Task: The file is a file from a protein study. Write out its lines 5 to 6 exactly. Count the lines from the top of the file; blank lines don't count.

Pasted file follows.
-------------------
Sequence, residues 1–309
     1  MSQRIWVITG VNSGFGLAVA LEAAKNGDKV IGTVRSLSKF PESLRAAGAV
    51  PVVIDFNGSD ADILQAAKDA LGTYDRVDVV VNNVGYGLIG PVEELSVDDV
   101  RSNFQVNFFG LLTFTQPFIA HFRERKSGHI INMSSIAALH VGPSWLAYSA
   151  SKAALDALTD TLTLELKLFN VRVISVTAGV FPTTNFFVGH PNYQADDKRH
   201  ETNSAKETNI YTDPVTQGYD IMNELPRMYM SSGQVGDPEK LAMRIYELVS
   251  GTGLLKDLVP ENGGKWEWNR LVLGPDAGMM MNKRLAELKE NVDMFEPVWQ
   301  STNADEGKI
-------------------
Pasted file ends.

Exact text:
   151  SKAALDALTD TLTLELKLFN VRVISVTAGV FPTTNFFVGH PNYQADDKRH
   201  ETNSAKETNI YTDPVTQGYD IMNELPRMYM SSGQVGDPEK LAMRIYELVS